It becomes clear that the attraction of the Vox units stems from the problematic nature of both De Metrio and Le Garite. Both planets are caught in some sort of space phenomenon that threatens to pull both planets together, thus destroying them and all those who reside there. Dizelmine seems to be attempting to turn the Rin-ne into a weapon and use it to destroy De Metrio, thus stopping the phenomenon and saving his world. The goals of Vilajulio are a little hazier however, and while he is clearly against Dizelmine, he also seems to fear the Vox more than wanting to use it. That being said, he is perfectly happy to use the threat of one of the three demons in order to increase his and his planets status. We see that the war between De Metrio and Le Garite is not as simple as it first appears with atrocities on both sides and the problematic nature of their motives clearly visible.
Warfare is never truly a case of good verses evil, with evil people on both sides, but also as many innocents who are dragged along regardless. World War Two for example was fought between sides that committed atrocities, and while the Nazis were an incredibly evil force, it is unfair to suggest that all Germans who fought in that war were completely evil. Madoka is at the centre of this war because she upsets the balance, her existence, along with her ability to produce the Circle of Rin-ne is something that both sides wish to either use or prevent. Ultimately however it seems that the Rin-ne cannot possibly exist in isolation, there must be a catalyst and a coming together of all Vox in order for it to happen. This is suggested at when Midori finally awakens after a year of sleep, signalling that a change has started within Madoka at the return of Muginami and Lan.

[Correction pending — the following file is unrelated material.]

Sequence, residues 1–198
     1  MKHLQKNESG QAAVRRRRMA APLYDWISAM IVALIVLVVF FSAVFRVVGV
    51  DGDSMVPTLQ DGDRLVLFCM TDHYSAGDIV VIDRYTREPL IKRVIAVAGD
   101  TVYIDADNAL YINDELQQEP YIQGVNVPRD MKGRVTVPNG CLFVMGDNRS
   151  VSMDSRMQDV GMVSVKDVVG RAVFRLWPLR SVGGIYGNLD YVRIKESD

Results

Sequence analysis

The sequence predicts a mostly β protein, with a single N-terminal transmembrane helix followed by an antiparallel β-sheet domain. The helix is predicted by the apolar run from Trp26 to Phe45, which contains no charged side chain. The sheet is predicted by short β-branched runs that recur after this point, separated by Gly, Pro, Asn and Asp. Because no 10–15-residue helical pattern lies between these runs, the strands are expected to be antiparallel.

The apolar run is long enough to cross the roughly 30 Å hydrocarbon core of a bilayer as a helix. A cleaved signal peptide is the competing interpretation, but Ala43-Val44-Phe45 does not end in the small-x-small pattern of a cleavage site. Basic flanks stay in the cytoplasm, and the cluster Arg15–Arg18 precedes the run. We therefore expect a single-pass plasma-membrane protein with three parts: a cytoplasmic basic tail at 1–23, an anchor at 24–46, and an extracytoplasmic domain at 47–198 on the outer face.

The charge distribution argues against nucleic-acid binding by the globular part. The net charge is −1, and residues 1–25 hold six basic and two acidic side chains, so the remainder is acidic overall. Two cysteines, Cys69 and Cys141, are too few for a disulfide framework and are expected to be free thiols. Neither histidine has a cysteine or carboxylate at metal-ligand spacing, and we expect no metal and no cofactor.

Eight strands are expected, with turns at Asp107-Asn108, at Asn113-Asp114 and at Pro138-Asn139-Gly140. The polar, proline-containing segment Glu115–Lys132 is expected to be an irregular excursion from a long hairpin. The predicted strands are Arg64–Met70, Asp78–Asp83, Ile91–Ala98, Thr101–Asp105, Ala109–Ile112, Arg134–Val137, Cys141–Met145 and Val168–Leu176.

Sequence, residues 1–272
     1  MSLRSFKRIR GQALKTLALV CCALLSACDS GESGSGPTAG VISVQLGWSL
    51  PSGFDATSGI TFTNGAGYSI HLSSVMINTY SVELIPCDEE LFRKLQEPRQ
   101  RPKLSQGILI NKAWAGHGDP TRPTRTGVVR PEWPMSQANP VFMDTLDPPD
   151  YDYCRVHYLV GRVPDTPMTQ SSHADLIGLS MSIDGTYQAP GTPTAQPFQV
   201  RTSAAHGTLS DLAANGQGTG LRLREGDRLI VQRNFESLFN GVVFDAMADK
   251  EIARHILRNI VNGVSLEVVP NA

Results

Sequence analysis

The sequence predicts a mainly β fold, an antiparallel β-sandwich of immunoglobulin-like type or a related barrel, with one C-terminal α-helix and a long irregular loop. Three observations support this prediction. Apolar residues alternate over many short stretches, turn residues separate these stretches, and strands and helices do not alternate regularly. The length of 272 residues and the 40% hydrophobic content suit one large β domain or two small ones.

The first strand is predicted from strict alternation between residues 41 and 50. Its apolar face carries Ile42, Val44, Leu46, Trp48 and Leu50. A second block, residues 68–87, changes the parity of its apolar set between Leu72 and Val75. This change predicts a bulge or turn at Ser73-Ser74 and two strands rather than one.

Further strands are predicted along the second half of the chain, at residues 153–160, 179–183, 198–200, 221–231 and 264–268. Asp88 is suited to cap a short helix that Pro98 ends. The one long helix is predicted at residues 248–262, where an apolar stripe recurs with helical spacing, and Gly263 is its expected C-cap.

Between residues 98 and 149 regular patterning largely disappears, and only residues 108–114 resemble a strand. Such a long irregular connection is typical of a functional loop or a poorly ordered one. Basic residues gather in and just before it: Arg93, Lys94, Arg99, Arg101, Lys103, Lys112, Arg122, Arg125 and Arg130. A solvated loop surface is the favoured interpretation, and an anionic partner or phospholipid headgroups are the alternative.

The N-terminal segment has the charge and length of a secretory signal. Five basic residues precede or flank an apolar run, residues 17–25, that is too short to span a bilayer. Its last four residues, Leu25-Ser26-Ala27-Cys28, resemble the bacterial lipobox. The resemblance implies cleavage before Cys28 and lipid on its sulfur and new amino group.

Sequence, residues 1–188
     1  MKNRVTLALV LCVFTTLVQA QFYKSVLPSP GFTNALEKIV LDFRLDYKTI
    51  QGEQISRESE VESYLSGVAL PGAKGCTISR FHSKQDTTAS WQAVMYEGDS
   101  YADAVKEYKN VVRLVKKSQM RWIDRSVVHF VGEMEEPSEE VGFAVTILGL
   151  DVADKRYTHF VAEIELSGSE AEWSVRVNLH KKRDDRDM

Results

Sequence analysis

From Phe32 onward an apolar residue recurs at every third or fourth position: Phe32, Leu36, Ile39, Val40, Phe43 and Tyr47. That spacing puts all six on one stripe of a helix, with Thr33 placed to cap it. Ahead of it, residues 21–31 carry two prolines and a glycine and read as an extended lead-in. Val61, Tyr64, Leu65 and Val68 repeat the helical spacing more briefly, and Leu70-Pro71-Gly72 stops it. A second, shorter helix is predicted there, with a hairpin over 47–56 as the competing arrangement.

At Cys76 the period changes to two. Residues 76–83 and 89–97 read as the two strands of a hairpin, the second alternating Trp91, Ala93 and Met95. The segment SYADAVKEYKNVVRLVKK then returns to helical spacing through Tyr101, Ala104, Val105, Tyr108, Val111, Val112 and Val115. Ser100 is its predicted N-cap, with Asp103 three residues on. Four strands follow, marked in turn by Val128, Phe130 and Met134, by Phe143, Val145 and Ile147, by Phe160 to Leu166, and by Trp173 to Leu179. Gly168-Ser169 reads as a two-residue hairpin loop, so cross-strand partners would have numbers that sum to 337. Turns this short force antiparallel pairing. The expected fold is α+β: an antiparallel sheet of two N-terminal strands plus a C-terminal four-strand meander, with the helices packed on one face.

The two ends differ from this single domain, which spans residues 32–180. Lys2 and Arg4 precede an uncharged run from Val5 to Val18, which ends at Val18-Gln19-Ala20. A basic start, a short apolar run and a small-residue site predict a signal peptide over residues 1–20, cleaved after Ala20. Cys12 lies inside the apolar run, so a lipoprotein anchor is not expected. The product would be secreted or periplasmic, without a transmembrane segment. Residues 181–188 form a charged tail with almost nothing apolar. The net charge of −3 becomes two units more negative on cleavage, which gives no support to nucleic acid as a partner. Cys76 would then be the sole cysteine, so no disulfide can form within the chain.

While they fight amongst themselves it seems clear that they are doing it against their will, Muginami’s clenched mouth, along with the pensive expression on Kan suggest this. The problematic nature of their relationship is partly due to where they come, two sides that are at war and wish to use Madoka for their own ends. Neither Lan nor Muginami wish this, and yet they seem incapable of disregarding the feelings and orders of their respective brothers, their planets in effect morally bind them, even when they are emotionally tied to Madoka. The irony is that in attempting to show that the Rin-ne is not a weapon and that Madoka is not needed we see the clearest demonstration of its destructive power. Furthermore we see the complex nature of the Rin-ne and how those that have been involved with it are inevitably bound to the Vox and this power in life and in death.
In order to truly understand the effects and the symbolic nature of the Rin-ne, Madoka must first begin to question her own beliefs and attitudes towards life. Furthermore, the exact reactions and catalysts behind the Rin-ne may impact upon the power that it produces, be it death or life we see the central friendship of Madoka, Lan and Muginami as being of upmost importance. They must resolve their differences, and ultimately reject the sides that they have allied themselves with in order to discover the true meaning of the Rin-ne. Ultimately it seems that the power of the Vox was something that brought life and prosperity to the land, but it was abused and led to destruction and near extinction. The ancestors of De Metrio and Le Garite perhaps mistakenly thought that they could control this power and use it for their own selfish ends, something that led to catastrophe. It seems now that neither side has learned its lesson, nor have they learned from history, and is they are not careful, the events of the past will happen once again in the present. The disaster will not be the fault of these three girls, but because of the intransigence and hubris of those who wished to use the Vox as a weapon without understanding its true nature.